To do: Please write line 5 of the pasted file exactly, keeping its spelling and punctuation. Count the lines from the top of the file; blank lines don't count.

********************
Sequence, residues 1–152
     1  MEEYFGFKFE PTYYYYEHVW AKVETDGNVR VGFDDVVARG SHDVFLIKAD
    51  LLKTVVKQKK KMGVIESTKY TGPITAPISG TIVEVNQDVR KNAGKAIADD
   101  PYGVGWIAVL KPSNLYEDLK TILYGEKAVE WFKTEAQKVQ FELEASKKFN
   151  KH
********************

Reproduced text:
   151  KH